Manila, Sep 26 (EFE).- At least five people were killed and more than 74,000 evacuated following the passage of Typhoon Noru through the Philippines on Monday.
Noru, which made landfall in the northeast of the Philippine archipelago with winds of up to 185 kilometers per hour (115 miles per hour) on Sunday, has already left Luzon – the country’s largest and most populous island – in a westerly direction.
The victims were a part of a rescue team who were dragged through the waters while trying to evacuate residents from a neighborhood in the town of San Miguel de Bulacan, on Luzon Island early Monday.
Police officers told EFE that the victims were dragged down by the current after a nearby wall collapsed due to the torrential rains and severe flooding caused by the typhoon, which is now heading to Vietnam and Thailand.
The bodies of all five rescue workers were found early Monday after an hours-long search.
The Philippine weather service, PAGASA, has lowered by one level the tropical cyclone warning for Noru, which was declared a “super typhoon” with a maximum red alert in place before making landfall at “typhoon” with winds of up to 184 kilometers per hour.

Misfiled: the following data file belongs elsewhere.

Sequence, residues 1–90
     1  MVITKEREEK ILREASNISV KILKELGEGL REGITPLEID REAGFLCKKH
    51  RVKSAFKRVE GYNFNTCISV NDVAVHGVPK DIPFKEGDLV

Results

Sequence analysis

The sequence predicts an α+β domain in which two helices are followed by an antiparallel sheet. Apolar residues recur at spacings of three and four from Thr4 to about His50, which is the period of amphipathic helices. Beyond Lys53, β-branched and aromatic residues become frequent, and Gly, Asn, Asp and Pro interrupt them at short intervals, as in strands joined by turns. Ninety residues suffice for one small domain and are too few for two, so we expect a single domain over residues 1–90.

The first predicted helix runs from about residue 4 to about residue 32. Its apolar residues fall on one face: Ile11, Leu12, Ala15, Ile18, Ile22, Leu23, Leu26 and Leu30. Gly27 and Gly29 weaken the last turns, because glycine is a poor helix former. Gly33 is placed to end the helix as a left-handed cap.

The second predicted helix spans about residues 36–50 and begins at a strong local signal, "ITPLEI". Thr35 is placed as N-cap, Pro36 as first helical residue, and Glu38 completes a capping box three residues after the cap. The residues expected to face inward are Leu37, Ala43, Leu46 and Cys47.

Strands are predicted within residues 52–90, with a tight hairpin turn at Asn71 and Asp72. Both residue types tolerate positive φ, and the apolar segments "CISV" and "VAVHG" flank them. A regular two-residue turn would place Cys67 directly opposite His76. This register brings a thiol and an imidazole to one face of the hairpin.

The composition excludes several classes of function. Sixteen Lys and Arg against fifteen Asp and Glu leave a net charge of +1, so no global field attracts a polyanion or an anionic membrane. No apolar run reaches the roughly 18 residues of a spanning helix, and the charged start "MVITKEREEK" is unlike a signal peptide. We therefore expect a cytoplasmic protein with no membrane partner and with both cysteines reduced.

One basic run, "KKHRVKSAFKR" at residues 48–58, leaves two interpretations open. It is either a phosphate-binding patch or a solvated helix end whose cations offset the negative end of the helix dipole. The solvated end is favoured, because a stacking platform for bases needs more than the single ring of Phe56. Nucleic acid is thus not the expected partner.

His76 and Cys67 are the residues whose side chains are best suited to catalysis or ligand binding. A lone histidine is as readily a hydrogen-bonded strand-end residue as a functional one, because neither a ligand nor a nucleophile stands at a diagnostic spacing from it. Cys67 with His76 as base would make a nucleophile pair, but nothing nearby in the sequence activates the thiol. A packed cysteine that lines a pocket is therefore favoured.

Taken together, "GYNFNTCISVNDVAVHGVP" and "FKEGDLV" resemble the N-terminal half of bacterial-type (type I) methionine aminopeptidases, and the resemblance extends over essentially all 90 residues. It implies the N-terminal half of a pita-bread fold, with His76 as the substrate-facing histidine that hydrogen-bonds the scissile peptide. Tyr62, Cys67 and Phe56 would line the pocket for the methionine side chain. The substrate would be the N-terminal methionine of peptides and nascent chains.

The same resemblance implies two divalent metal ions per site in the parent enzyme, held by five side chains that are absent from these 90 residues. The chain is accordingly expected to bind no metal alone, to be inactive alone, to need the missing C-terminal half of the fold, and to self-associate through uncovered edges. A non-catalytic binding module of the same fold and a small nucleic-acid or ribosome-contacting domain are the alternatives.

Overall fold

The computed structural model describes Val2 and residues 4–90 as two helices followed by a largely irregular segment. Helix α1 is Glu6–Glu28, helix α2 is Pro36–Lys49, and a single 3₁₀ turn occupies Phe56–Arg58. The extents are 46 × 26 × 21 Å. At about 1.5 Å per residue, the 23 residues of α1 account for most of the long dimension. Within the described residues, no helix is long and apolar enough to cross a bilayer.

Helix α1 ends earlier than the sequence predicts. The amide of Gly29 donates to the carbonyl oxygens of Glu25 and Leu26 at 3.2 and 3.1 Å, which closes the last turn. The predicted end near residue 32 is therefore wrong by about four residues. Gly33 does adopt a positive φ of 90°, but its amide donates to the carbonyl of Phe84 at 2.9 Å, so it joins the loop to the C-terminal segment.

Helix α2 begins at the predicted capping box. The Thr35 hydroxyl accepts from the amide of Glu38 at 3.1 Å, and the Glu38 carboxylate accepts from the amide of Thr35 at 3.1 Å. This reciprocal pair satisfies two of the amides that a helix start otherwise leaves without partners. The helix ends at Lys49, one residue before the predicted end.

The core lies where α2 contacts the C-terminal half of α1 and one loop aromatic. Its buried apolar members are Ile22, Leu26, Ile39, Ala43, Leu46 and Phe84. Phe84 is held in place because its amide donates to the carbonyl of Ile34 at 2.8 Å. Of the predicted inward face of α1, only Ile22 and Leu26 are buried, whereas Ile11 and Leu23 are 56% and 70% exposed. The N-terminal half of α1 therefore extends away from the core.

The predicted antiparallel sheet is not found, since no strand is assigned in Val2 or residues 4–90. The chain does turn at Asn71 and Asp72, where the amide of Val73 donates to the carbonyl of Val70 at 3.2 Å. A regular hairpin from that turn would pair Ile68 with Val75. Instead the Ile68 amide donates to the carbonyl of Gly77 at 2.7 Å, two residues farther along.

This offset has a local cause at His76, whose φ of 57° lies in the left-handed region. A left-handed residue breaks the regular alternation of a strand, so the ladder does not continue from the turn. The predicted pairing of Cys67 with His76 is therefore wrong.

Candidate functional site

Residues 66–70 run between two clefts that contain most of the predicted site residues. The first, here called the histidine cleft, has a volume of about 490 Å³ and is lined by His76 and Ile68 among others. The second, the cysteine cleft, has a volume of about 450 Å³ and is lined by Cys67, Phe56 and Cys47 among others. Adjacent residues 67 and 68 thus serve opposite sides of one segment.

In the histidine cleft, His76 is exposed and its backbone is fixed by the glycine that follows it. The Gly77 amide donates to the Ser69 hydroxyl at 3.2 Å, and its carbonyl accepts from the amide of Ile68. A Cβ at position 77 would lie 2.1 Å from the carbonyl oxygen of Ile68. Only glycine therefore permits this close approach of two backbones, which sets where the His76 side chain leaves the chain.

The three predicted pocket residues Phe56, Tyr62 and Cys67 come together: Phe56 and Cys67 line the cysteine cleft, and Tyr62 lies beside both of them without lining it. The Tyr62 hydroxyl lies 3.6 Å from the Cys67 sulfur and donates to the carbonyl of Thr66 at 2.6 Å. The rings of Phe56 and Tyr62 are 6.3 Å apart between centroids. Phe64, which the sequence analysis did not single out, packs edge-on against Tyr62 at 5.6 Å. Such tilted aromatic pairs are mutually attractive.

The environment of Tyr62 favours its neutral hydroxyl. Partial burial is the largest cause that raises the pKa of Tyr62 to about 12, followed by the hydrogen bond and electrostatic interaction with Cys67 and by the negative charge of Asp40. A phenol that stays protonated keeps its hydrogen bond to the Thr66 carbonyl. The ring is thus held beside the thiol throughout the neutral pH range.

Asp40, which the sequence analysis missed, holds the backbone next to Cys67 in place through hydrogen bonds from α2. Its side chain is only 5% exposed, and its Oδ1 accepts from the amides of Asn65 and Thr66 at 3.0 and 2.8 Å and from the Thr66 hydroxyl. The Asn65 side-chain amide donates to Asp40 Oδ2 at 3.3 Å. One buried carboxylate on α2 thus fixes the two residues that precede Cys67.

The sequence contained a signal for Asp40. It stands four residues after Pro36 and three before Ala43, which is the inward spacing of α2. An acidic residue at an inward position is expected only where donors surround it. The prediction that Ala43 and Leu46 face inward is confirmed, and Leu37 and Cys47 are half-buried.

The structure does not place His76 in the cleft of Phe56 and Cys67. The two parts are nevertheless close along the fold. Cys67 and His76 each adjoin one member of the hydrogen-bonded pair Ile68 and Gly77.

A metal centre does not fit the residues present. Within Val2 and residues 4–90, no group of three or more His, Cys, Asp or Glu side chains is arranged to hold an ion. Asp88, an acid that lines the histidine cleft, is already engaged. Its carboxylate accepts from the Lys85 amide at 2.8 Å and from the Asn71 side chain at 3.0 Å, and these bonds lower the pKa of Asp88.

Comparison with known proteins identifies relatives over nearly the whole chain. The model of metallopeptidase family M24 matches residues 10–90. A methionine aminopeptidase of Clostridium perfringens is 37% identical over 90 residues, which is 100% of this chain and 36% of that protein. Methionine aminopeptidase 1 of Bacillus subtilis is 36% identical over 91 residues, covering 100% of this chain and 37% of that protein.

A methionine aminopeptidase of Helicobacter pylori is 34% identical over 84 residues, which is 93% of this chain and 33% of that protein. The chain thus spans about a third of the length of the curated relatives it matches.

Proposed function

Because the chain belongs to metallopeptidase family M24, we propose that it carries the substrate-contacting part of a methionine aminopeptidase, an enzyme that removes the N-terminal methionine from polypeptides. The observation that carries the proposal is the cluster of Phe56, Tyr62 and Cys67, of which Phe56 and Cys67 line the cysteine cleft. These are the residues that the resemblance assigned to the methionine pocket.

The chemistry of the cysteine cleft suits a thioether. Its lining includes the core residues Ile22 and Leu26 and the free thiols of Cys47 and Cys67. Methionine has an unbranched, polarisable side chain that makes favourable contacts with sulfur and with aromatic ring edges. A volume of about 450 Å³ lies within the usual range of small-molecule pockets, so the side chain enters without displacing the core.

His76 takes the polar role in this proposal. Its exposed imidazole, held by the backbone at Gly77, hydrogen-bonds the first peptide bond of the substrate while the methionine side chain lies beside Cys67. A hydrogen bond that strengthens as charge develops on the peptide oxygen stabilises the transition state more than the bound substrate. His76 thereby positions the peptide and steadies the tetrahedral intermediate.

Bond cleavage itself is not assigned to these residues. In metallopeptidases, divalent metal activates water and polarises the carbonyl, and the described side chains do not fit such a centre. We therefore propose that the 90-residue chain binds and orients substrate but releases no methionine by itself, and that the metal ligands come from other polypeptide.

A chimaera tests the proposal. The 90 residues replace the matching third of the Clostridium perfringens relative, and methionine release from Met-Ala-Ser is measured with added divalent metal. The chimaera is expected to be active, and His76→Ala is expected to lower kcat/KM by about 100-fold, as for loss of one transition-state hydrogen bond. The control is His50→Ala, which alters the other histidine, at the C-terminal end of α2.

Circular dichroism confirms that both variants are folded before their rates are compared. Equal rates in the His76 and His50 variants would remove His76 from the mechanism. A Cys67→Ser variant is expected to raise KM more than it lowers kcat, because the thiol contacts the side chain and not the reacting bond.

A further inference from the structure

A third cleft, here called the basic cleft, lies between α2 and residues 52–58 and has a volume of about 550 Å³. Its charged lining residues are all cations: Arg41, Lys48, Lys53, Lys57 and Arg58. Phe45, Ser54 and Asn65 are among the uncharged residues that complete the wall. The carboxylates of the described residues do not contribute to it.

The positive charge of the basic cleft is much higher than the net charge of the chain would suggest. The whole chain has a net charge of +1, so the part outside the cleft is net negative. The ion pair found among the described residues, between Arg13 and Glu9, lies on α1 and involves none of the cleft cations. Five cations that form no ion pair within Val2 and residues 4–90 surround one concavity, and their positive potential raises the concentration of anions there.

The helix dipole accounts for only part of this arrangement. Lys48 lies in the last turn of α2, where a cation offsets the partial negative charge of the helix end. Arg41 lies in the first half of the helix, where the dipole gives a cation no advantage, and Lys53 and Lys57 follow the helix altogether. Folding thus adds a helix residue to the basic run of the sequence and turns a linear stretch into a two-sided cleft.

At a press conference of the Philippine Atmospheric, Geophysical and Astronomical Services Administration (PAGASA) Monday, Philippine President Ferdinand Marcos said that large-scale damage and losses due to the natural disaster are unlikely due to evacuation and preparation work before the typhoon arrived.
“I think, we may have gotten lucky at this time, a little bit. I think it’s clear from what we did these last two days that is very very important is preparations, get people out of areas of danger,” he said.
Marcos surveyed the worst affected areas Monday by helicopter and said that overall the damage to public and private infrastructure was manageable.
On Sunday, about 14,000 families – some 74,000 people – were evacuated by authorities in the provinces of Aurora, Nueva Ecija, Bulacan, and several cities in the northern metropolitan area of Manila, Civil Defense officials told the media.
Experts say that the higher-than-usual speed of 20 kph at which the typhoon traveled and the Sierra Madre mountain range, which lessened the intensity of the storm, have reduced its impact in the country.
However, there may be significant damage to fields. A first assessment shows that more than 75 percent of the rice crops on Luzon may have been affected, sources from the department of agriculture confirmed to EFE.
Noru is the 11th tropical cyclone this year to hit the Philippines, one of the world’s most vulnerable countries to the effects of climate change. EFE